Saturday, November 17, 2012

Captivation: Rest

Rest. It's often forgotten or over-looked or pushed for later, saying "I can rest when I'm dead." I've heard others say that phrase and I've even repeated it to myself.

We beg for simplicity. We try to remind ourselves to simplify--to downsize--to minimize. Then, the note gathers dust and life whizzes by.

We dream of finding rest and contentment in idyllic places--tropical paradises.

We like to pretend that our lives spin out of our control--not by our bidding, but by the fates of the universe.

But what if we took hints from babies.

They have got their priorities straight. We need rest. Yes, we can rest when we die. But I want to live life to fullest and that requires quality rest. Living fully includes resting fully.

So it's time to make a new list and live in a new way. And make room for rest.

In light of this, what are you doing today to rest?

I'm here writing this blogpost. I'm attending a friend's junior recital tonight. I slept late this morning and went running at lunchtime. I built in this day of rest into my crazy busy schedule because I believe God knew something about us when he modeled resting on the 7th day.

Happy Rest!

Saturday, November 3, 2012

Captivation: Book Publishing

I ran into an acquaintance today who has been working at getting his book published. I do dream of writing my own book and getting it published, but there's a ton of work involved.

Currently, I'm in the lowest ranks of an editorial department. I do the brunt work and the busy work and the work that no one else wants to do. And I'm totally okay with that. It's nice to know that me working on that not-fun-work opens up the editors to doing the important stuff. So my work counts for something! And the priceless experience of knowing how a publishing house works.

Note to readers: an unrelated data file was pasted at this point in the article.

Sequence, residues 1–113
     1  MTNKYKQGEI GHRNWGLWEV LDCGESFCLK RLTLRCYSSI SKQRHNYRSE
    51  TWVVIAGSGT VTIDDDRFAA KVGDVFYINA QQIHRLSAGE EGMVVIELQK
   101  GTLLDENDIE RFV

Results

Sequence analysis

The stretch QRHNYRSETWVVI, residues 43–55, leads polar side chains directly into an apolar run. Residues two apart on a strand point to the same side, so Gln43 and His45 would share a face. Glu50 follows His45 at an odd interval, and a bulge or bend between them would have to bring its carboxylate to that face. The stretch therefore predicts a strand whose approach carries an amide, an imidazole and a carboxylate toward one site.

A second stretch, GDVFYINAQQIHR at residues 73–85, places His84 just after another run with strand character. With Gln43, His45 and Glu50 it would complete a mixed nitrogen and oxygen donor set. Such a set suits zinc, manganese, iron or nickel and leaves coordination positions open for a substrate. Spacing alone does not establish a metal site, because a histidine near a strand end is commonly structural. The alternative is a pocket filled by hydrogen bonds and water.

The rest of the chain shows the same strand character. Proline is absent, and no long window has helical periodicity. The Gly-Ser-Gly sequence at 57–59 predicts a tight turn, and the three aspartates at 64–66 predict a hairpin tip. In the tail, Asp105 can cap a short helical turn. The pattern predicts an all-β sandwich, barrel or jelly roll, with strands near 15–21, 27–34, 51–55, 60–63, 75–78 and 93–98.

Recently, I had the opportunity to read through the infamous "slush pile". This pile is the fear of every writer, but the true reality of the writer's life. A slush pile is the stack of unsolicited book proposals that an acquisitions editor receives. I read through 20 book proposals.


Two of the biggest reasons that these proposals were rejected:
- no platform (aka no place to self-market their book)
- wrong subject matter for our publishing house

What we can learn from this.
Please research the publishing houses that you desire to submit your work to, making sure that they publish your genre and be ready to self-promote! Personally, self-promotion puts a bad taste in my mouth, but it is necessary.

Helping a fellow writer out.
So you interested in reading about a new author with a new book that you can get on Amazon or Barnes and Noble's? Allow me to introduce you to The Eliot Papers. Want it on the Nook or Kindle?